We welcome the Danish Design Center (DDC) as our new corporate members here at the Service Design Network. The DDC is an independent institution with the purpose of promoting the use of design in business and to brand Danish design nationally and internationally. Today we talk to the head of the DDC, Christian Bason, an expert in design for innovation, leadership and organizational change in business and government.
1.Tell us more about perceived value of design in Denmark, and how the DDC works to influence it.
Denmark is in many ways a design society. When I grew up, I went to school in modernistic, functional and light buildings, I sat on well-crafted designer chairs, and I learned to be an active, reflective participant in our democracy. In my daily working life, I have been surrounded by well-designed architecture, furniture, lighting and other artefacts of a higher quality and standard than you would find in most countries. Danish design is part of our society’s DNA, and is in that sense invisible. You could say however that our strong design heritage is both a blessing and a curse. Leading the Danish Design Centre, as well as our mother foundation which we have actually named Design Society, poses the challenge of how to raise design awareness in a country entirely infused with great design?
The main issue for us is to help decision-makers in business and government understand how to tap into the underlying principles, practices and professional mindset of designers. To do so, we have chosen an approach that essentially involves bridging designers (suppliers of design methods) with business (potentially users of design methods) through processes of systematic experimentation. Or, in design terminology, we leverage design methods of inquiry, ideations and prototyping to explore how design can create value in such complex settings as business organizations.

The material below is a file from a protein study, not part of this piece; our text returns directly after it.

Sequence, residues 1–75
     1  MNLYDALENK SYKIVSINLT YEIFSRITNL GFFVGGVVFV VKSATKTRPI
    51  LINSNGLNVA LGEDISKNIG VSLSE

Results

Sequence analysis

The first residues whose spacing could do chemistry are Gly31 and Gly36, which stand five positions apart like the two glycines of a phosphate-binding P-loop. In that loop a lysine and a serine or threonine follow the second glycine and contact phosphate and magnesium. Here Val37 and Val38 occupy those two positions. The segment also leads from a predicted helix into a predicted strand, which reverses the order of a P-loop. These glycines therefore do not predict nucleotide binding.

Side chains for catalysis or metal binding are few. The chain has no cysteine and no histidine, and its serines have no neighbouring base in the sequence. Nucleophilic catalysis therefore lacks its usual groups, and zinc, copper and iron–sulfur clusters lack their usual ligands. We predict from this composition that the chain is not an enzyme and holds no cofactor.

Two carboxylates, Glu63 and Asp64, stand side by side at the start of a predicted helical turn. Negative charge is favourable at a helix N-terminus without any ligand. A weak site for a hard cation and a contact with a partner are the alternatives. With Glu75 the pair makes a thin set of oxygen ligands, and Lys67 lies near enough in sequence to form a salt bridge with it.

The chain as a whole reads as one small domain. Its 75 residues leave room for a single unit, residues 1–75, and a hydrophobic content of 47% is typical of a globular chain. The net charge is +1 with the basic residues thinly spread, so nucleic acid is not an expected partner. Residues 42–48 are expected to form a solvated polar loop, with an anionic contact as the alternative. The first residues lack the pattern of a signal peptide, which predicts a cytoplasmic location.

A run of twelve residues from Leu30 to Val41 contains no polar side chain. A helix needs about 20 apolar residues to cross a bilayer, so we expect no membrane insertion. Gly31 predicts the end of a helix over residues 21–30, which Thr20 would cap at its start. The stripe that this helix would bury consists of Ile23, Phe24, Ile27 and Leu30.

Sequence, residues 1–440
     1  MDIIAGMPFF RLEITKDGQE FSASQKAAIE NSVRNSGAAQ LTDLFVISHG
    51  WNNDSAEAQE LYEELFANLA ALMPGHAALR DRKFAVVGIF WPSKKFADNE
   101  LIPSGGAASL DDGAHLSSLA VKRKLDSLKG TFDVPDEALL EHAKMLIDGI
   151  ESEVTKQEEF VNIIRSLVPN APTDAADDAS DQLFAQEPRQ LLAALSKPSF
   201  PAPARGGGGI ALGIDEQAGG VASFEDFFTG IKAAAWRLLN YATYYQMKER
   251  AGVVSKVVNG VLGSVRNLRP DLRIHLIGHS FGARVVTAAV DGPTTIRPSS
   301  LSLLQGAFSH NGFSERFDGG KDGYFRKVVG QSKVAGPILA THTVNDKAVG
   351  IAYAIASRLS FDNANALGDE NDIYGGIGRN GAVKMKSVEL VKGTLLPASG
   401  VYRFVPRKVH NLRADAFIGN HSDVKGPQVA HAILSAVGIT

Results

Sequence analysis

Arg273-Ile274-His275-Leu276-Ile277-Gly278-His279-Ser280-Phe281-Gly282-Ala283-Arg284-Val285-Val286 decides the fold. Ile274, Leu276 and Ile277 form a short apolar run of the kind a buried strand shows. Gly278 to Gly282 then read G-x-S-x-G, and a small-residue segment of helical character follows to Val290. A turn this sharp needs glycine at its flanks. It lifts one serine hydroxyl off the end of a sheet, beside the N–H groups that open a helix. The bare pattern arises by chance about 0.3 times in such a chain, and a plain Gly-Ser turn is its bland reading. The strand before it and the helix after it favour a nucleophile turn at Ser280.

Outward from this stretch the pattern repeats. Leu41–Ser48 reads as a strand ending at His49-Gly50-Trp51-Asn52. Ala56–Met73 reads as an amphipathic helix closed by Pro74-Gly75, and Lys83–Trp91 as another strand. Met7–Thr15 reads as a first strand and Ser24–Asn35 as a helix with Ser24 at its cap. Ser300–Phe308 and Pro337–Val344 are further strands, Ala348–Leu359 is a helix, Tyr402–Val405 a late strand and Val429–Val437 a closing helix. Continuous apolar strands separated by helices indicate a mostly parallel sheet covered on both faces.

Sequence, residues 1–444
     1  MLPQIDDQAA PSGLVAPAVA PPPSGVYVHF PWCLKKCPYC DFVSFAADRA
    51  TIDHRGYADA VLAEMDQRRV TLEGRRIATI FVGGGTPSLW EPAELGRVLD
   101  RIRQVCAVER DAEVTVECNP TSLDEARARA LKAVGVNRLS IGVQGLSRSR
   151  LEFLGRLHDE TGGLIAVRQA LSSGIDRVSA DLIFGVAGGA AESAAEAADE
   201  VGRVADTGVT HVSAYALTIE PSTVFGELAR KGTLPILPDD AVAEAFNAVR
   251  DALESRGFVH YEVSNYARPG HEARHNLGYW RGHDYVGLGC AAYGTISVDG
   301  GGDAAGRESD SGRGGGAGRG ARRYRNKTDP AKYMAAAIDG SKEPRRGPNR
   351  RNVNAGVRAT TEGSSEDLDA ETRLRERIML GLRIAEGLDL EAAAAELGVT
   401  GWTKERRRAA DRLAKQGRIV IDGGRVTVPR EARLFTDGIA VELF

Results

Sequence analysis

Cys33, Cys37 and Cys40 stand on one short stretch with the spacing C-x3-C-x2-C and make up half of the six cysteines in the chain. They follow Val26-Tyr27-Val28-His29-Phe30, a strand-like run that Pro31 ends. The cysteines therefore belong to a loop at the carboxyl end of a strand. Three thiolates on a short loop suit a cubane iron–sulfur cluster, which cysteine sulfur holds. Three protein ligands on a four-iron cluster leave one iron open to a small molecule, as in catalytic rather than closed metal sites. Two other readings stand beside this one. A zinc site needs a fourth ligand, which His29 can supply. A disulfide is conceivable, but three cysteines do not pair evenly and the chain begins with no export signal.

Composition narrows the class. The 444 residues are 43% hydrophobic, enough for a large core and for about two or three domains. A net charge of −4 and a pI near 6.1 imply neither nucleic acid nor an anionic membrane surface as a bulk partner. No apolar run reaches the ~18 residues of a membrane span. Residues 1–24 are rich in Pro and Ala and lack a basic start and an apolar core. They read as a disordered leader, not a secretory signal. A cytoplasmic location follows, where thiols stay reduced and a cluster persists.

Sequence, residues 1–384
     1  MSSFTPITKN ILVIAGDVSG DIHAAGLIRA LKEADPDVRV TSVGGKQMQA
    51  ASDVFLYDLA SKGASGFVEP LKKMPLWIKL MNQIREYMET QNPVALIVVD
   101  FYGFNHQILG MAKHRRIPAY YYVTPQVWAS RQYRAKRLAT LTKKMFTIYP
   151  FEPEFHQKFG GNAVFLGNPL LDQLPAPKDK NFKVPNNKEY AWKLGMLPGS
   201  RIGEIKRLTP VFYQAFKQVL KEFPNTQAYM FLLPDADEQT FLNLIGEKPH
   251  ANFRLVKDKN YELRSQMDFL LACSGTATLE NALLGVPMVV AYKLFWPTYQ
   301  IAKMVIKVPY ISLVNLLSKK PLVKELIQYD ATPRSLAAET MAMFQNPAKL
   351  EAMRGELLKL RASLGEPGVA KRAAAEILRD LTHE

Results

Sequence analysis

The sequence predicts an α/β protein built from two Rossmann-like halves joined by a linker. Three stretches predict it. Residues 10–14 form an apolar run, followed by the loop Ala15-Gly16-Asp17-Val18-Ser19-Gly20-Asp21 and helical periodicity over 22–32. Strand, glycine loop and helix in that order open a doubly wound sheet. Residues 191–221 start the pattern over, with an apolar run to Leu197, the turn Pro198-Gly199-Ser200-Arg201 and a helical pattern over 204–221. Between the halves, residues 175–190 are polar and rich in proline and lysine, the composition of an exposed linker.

2.When Scandinavian design is mentioned, one initially thinks of the widely developed ‘formal’ fields of design, such as industrial and visual design. Would you say that there is a shift in the way that design is being perceived, from a more aesthetic to a more strategic position in Denmark?
The awareness of design in other domains, as a strategic resource for company- wide innovation, and as an approach to innovation in the public sector, has been on the rise in Denmark for more than a decade. Intertwined with this is the rise of design as a more collaborative discipline, focusing on co-design and service design. For instance, the first government programme on service design for public organisations was launched in the mid-2000s.
In a sense, this heralds a return to our roots, since Denmark and the other Scandinavian countries pioneered the participatory design movement already in the early 1970s. It is interesting how we have been a bit late to latch on to the global movement around collaborative approaches to design when we were really first movers back then.
3. Tell us more about the DDC’s role in helping to shape this new understanding of what design is.
At the DDC we believe that our role first and foremost is to help businesses create more value. To do so, we spend a small amount of public funding to catalyse new forms of collaborations between designers and businesses – collaborations, which would otherwise not have taken place.